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NQRSoobee

Member Since 21 Nov 2016
Offline Last Active Today, 01:18 AM
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Posts I've Made

In Topic: Side of highway in Ballina HELP

06 December 2018 - 11:00 AM

Ouch!

 

I'm assuming there's no excess water out of the exhaust?  No oil in the water, check the radiator cap & please don't burn yourself.  When opening the radiator cap note how much pressure it's under.  If there's no pressure there then it's another clue how bad the leak is.

 

Does the steam keep coming out after the engine is shut off?  Does it drip / pool under the car?

 

If the loss only occurs under load then it could be anything as you suggest.  How long has the water pump been in the car?  I've been told by a mechanic to change the water pump about every second cam belt change as a pre-caution.  How old are the radiator hoses.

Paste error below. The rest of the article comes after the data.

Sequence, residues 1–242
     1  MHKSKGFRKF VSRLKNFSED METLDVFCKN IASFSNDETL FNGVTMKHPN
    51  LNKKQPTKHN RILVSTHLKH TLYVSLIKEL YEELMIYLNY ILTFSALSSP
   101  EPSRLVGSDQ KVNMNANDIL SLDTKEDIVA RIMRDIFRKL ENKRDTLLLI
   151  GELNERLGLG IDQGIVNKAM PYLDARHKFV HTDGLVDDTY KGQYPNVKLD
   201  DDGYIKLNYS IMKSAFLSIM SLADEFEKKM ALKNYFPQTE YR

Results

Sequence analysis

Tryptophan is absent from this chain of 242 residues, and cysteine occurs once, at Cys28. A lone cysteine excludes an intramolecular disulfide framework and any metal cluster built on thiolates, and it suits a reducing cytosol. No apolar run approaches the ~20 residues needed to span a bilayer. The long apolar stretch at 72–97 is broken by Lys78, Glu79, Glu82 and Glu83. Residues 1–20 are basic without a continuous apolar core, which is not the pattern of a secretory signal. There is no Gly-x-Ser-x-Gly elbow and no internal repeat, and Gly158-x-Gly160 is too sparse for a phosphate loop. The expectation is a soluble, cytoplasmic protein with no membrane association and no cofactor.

Yes a small tear in a radiator hose will show up as per your video but also a leaking water pump can do the same.  Hoping the brains trust on this forum can help but I'd be doing a process of elimination but that'll require having the car home.

 

I always start at the cheaper end with pulling and checking radiator radiator hoses, old hoses will crack especially under the clamps.  if it's not the hoses then it'll usually be a seal or the pump.  In the worst case a welch plug / block issues or a bit easier the radiator but it doesn't look like it's the radiator from the video.

 

One last bush mechanic trick for small radiator leaks as a get home measure is to put ground black pepper into the radiator fluid.  It's not good for the pump and you'll need to give the cooling system a good flush during the repair but it can plug the leak enough to get the car home.